Police officers on paid leave after death of toddler in hot cop car
On Friday afternoon, Long Beach, Mississippi police officer Cassie Barker went to visit Patrolman Clark Ladner in his home in Kiln. She left her daughter, Cheyenne Hyer, in the running car out front, reportedly with the air conditioning on.
Four hours later, Cheyenne was dead.
Temperatures that day were in the high 80s to low 90s, but the heat index climbed above 100 degrees. Police said the car was running when it was found around 1:30 p.m. local time, but it was unclear if the air conditioner was on.
"We hope so, that’s what we were led to believe," Hancock County Sheriff’s Office Chief Deputy Don Bass told the Clarion-Ledger. "It’s all pending. We haven’t had an opportunity to sift through all the information because we weren't able to take a statement due to the condition of the mother."
Long Beach Police Chief Wayne McDowell was able to speak with Ladner, who was not aware that Cheyenne was in the car. He was not able to speak with Barker, however, because she is in a “medical state.”
"As you could expect, she is very distraught," McDowell told WLOX.
While the Long Beach police chief is "looking into an internal matter with his officers," the investigation is being handled by the Hancock County Sheriff’s Office. The two officers were placed on administrative leave pending the outcome.
Barker was previously involved in an unrelated incident with Cheyenne that required her to go through the state Department of Human Services “so she could have her child back,” Chief Investigator Glen Grannan told the Biloxi Sun Herald on Monday.
Cheyenne's father, Ryan Hyer, helped raise her with Barker for the first two years of her life. He returned to Jacksonville, Florida after the couple broke up.
"I went from being there continuously to not seeing her at all," he told the Clarion-Ledger, adding that her death had turned his world upside down. "I lost all feeling. I couldn’t speak, I couldn’t breathe, then I was flat out crying. After that I just was angry, and I went in the backyard and started beating up the shed," he said.
Hyer was never informed about the previous incident, and wondered if his daughter’s death could have been avoided. Regardless of any misgivings about Barker, she “loved her daughter,” Hyer said.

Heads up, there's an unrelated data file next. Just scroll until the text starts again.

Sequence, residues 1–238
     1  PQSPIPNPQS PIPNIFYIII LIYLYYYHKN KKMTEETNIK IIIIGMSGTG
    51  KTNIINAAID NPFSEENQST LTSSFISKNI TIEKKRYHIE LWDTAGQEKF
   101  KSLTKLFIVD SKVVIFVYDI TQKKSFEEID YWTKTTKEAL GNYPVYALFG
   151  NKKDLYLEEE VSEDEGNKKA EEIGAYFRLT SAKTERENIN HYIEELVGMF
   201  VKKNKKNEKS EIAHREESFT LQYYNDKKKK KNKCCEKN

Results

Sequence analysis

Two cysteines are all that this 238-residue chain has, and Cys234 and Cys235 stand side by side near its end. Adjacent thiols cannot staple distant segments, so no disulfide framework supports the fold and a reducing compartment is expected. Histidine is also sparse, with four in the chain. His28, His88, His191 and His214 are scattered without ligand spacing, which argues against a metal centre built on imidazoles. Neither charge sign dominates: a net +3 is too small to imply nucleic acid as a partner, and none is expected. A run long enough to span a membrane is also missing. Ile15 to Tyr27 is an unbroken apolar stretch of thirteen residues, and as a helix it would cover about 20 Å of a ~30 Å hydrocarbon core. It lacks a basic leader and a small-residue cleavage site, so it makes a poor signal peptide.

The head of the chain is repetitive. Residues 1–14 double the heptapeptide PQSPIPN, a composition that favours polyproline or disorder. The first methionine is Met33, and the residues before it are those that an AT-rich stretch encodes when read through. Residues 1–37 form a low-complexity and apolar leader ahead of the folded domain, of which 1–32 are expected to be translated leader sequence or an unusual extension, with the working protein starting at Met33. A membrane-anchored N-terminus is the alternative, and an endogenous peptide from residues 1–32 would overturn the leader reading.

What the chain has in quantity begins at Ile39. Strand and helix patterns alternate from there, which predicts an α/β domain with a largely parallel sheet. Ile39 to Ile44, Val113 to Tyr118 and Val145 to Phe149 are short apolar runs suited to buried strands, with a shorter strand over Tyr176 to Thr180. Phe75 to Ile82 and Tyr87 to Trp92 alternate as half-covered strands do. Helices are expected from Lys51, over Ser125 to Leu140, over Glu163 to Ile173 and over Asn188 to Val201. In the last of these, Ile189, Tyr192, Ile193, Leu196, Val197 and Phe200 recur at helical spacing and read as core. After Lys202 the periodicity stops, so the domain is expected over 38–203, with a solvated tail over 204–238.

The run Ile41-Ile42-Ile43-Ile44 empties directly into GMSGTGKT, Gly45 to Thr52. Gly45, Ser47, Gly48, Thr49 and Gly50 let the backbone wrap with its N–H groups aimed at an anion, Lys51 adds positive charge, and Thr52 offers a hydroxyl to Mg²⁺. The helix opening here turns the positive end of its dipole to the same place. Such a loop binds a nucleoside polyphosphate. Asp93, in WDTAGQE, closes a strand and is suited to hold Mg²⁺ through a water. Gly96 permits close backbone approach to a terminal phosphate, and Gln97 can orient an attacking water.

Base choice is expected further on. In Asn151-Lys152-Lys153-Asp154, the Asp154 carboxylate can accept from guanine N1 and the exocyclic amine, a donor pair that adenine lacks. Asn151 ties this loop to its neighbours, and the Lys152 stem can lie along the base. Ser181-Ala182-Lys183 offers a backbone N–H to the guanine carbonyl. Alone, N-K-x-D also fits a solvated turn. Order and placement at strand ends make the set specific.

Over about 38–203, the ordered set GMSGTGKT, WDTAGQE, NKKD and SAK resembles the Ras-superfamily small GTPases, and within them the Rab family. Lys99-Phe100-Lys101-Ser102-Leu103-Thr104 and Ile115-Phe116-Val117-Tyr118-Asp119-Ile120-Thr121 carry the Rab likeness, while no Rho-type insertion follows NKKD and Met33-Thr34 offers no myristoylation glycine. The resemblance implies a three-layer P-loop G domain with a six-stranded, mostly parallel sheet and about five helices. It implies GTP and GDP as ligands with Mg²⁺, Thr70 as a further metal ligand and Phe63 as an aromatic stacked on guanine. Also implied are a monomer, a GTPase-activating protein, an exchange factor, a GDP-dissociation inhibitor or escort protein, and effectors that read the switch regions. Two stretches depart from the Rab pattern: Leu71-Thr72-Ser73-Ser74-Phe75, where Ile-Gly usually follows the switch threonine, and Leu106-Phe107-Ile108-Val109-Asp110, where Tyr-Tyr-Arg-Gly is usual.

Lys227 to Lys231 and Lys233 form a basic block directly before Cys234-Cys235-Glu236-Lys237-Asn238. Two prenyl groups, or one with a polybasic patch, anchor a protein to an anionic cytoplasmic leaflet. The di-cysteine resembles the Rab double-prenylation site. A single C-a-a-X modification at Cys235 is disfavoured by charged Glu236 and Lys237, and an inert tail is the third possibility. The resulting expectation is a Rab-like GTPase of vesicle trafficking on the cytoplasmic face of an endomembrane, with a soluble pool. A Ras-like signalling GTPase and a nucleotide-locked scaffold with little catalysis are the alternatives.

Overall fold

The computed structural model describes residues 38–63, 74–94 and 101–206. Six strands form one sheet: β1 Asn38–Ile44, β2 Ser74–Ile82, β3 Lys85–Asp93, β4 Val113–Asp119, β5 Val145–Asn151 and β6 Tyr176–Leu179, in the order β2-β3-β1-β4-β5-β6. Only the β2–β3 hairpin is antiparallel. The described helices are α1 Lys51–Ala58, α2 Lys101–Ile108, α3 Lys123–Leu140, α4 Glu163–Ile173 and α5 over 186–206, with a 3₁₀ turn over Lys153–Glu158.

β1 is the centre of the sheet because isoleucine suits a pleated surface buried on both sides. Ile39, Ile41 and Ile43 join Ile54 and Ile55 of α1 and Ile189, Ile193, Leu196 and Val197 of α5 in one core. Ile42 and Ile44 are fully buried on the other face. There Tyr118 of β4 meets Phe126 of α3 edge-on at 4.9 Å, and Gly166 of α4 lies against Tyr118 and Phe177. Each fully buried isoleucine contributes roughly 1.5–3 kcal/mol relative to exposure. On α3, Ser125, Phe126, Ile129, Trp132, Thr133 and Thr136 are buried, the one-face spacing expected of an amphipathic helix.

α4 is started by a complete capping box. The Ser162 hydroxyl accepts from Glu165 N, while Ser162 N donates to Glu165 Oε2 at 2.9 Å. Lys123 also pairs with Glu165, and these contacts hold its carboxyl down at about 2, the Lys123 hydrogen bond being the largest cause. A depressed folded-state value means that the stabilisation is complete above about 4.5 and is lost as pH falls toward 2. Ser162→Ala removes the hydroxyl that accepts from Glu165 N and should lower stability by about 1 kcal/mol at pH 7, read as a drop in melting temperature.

“I”m just so angry, I’m so angry,” Hyer told the Sun Herald. “I want to know more about what happened.”
"What really kills me is that you see a child killed in a car wreck, or in a home invasion, or even left in a hot car," he told the Clarion-Ledger. "And the last thing you ever expect is to have an officer come knock on your door and tell you your daughter has passed away."
Cheyenne was “the happiest, bounciest little girl you have ever seen” and “the most likeable little girl you’ve ever seen,” he told the Sun Herald. “I’ll miss my little girl.”
Leaving the air conditioning running wasn’t an excuse for leaving Cheyenne in the car, Bass told the Clarion Ledger.
"There's no logical reason to do that," he said. "It's not an accident. She left the child in the car. We hear and read about this, it seems like quite often recently. It seems more than ever that people are leaving their infants and small children in the car to do tasks and shopping."
Barker will likely be charged with negligent homicide, Bass said. It’s a charge many parents whose children die in hot cars face, including those who have forgotten their kids were there.
One suggestion to prevent forgetting children in the backseat is to place something you need next to them.
"Before you put your vehicle in the garage or park it in the drive way, look before you lock," Senior Captain Ruy Lozano of the Houston, Texas Fire Department told KIAH. "We encourage you to put your cellphone in the backseat, so it serves two purposes. One, you'll check the backseat before you get out. And two, you won't be able to text and drive."
Cheyenne was the third child to die in a hot car in Mississippi this year, and the 35th in the US in 2016.